Terry Gilliam Tries Again to Kill Quixote

The Man Who Killed Don QuixoteTerry Gilliam
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Sounds like Terry Gilliam hasn’t given up on the dream to get his fantastically plagued film of The Man Who Killed Don Quixote made. Production is back on track with a revamped script, solid funding, and is in the process of procuring a cast. Rather than the original plot of a modern man thrown through time and meeting Quixote, the script is now apparently something more meta about a man who made a Don Quixote movie that ruined everyone’s lives. Gilliam obviously has a lot of experience with this in his attempts to get his long time passion project off the ground and knows better than anyone what can go wrong while filming a movie.

The notoriously troubled production history of The Man Who Killed Don Quixote is thoroughly documented in the acclaimed film Lost in La Mancha. The filming, which included French actor Jean Rochefort as Don Quixote and Johnny Depp as the man out of time Toby Grisoni, was immediately beset by a number of disasters that eventually halted production. First, sound recording was made impossible by the practice flights of military fighter jets from the nearby air base, then a flash flood destroyed equipment and changed the color of the scenery, and finally Rochefort sustained a double herniated disc that prevented him from continuing with the production. A second attempt nearly ten years later was made with Robert Duvall as Quixote and Ewan McGregor as Grisoni, but funding fell through before filming could begin.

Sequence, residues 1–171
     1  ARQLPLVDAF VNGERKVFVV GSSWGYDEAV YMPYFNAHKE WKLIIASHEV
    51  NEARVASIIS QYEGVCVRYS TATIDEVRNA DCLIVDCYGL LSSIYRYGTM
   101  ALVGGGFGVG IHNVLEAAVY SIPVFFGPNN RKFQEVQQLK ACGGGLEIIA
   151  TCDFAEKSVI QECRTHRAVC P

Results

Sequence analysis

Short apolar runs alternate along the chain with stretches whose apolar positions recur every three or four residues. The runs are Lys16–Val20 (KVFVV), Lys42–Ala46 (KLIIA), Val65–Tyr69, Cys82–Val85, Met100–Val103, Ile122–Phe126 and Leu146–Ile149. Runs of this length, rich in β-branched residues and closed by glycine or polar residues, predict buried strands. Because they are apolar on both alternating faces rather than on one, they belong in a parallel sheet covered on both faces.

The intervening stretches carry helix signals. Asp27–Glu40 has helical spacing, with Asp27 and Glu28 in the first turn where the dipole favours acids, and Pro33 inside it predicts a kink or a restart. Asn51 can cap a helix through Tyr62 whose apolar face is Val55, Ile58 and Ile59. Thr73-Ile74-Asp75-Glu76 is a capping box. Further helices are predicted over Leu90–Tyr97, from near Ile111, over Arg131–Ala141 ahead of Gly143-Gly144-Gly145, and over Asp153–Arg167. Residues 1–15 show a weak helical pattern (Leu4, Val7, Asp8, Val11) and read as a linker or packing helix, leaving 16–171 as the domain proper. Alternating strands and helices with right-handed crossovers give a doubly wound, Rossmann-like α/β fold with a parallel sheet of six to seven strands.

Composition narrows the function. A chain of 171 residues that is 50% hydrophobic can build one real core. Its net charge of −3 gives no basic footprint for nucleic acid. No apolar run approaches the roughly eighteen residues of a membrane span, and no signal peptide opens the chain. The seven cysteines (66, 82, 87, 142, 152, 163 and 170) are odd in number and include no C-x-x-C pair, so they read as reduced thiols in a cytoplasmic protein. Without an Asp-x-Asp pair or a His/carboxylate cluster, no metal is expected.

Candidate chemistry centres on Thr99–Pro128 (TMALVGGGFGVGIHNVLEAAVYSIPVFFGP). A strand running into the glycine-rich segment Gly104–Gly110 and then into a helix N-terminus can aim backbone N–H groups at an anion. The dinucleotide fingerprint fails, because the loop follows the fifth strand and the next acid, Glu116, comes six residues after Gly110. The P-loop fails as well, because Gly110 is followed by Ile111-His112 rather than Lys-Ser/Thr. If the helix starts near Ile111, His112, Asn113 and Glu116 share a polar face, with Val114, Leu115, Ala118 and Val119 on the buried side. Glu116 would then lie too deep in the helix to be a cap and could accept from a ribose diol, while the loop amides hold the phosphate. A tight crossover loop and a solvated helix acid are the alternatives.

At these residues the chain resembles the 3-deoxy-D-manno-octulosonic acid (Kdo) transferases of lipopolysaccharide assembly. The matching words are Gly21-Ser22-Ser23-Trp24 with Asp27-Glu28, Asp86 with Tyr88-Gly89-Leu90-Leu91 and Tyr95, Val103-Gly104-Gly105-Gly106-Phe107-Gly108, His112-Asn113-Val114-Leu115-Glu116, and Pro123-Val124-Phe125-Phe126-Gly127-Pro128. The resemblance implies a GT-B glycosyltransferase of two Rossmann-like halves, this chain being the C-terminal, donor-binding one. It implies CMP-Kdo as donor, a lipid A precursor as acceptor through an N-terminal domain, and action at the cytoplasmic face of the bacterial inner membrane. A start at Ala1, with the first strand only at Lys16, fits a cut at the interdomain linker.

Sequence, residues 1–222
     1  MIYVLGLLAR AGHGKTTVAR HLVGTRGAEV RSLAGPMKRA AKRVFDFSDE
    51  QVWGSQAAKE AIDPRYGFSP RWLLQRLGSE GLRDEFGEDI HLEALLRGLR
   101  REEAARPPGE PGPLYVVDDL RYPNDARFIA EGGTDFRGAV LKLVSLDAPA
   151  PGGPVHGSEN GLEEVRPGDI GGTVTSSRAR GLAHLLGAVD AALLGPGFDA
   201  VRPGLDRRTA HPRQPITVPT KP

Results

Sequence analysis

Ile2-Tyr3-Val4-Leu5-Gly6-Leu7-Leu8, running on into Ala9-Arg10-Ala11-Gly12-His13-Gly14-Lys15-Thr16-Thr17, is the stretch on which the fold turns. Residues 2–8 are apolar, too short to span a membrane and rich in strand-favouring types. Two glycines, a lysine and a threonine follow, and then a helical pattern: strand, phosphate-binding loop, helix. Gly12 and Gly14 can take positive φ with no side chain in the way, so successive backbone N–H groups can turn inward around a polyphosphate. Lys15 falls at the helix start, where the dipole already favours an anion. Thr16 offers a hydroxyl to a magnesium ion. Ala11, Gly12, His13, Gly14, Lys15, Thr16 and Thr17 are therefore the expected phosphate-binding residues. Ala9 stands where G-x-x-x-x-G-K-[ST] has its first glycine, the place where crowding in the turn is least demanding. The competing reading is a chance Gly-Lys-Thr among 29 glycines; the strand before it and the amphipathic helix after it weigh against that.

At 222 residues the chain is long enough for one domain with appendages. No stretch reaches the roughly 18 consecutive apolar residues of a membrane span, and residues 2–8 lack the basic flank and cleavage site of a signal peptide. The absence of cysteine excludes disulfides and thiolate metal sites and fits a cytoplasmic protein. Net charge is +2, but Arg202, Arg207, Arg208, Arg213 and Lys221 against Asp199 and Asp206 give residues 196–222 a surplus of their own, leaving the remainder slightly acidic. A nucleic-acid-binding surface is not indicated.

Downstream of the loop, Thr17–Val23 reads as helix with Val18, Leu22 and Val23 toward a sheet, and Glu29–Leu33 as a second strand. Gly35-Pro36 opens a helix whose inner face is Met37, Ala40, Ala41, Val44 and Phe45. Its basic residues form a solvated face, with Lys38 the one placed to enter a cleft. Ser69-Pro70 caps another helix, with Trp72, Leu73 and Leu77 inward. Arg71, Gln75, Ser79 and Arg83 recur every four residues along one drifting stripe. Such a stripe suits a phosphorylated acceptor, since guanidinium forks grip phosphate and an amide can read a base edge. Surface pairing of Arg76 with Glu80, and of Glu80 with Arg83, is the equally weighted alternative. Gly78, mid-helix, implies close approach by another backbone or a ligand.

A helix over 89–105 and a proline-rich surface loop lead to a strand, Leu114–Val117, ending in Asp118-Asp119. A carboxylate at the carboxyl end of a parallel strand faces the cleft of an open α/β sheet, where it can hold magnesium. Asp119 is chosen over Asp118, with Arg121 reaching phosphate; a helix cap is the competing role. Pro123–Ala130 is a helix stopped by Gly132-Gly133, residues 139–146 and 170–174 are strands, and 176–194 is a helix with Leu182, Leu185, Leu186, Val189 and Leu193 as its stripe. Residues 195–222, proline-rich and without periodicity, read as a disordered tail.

As many times as this seemingly cursed production has fallen through, it looks like Gilliam is determined to get it made one way or another. While Gilliam is cautiously optimistic that filming will start shortly after Christmas 2014, he knows better than anyone the trials and tribulations that have continuously befallen his attempts to make his dream film. ā€œI’ve done it so many times ā€” or not done it so many times ā€” I’ll believe it when I see it,” Says Gilliam. “However, I’m behaving as if it’s all going to happen as planned.ā€ Perhaps the third time will be the charm. If nothing worth doing is ever easy, this should be one of the worthiest movies of all time.

Source: The Wrap

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About the Author

Bethany Lewis
My cinema education started when, at three years old, Charlie Chaplin's "The Gold Rush" became my earliest memory of cinema. Since then, I've been obsessed with film and television, learning more about it, analyzing it, researching it, and experiencing different kinds of it. After getting my BA in Theater, I went on to get my MFA in Film Studies. I now spend my free time watching and writing about movies.
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